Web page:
Dialectical Tensions



Question 1: Identify and Describe 4 Ways of Responding to Dialectical Tensions in Relationships. Assess the Value of Each

Dialectical tensions are inevitable in any given relationship. The three significant dialectal tensions experienced in relationships include autonomy vs connection, novelty vs predictability, and openness vs closeness.

According to Severin and Tankard (2010), the first way of responding to these tensions is to neutralize the extremes of the dialectical tension. This is the case when a person could compromise leading to a situation where neither of the ones needs such as closeness or openness are fully satisfied. The value of this option is that it encourages fairness, which is crucial in the settlement of the tensions.

The second essential way of responding to dialectical tensions is to favor one extreme of the dialectical continuum and ignore the other one. Wood (2004) points out that such behavior implies picking only one of the options at any given time. For instance, an individual could decide to pick autonomy over connection. This approach is valuable because of its strictness and directness to the separation of the extremes.

The third strategy of responding to these tensions is segmentation. This means that individuals have to divide their lives into different spheres in the course of responding to dialectical tensions. The value of this approach is that it divides different needs according to the various segments in a persons life..

The last vital approach to responding to these tensions is reframing. Severin and Tankard (2010) inform that it requires a high level of creativity to understand how dialectical tensions work in a relationship. In line with this approach, dialectical tensions are perceived to be supporting each other and the relationship in general . The value of the approach is its ability to utilize both tensions for the good of the relationship.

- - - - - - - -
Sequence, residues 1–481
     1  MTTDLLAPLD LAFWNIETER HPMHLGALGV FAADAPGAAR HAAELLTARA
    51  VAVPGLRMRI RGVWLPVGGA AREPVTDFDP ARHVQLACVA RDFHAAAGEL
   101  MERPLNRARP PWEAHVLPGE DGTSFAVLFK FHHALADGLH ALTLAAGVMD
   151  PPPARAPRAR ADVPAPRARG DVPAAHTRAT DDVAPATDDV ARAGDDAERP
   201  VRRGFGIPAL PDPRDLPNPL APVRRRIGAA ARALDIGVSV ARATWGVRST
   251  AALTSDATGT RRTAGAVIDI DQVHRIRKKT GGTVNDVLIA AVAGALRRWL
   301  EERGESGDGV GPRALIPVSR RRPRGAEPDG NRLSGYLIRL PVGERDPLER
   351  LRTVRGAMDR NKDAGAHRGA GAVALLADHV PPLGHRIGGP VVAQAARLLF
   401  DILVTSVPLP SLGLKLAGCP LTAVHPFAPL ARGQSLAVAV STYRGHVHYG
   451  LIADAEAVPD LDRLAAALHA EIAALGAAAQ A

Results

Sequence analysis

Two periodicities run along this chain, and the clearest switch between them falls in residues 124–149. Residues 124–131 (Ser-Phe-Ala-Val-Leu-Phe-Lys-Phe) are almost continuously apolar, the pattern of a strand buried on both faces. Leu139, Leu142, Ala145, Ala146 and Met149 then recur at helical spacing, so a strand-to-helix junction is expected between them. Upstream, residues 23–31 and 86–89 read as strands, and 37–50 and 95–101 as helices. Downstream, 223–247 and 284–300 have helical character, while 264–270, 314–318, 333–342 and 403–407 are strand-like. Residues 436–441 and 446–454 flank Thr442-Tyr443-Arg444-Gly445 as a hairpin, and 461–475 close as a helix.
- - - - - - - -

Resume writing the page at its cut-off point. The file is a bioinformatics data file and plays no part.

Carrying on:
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Question 3: Define Social Exchange Theory and its Central Claims. Next, Discuss the Primary Criticisms made by Scholars. Finally, Offer Your Personal Evaluation

The social exchange theory is defined as a social and a psychological perspective, which explains the view that social change and stability in relationships emanates from negotiated exchanges between parties in a particular relationship. According to Wood (2004), the theory analyzes human relationships by comparing them with a market because of the demand to receive one thing in exchange for the other between individuals.

The central claim of the theory is based on the view that every individual in the relationship is always trying to maximize his/her wins. Severin and Tankard (2010) reiterate that social exchange could only bring satisfaction in a relationship as long as people receive fair returns for what they give in the relationships. Specifically, social connections involve matters such as trust and openness from the other person. Social exchanges are also flexible and do not directly involve explicit bargaining among individuals. The theory emphasizes that the simple way to maintain social relationships is to understand the connection between costs and rewards .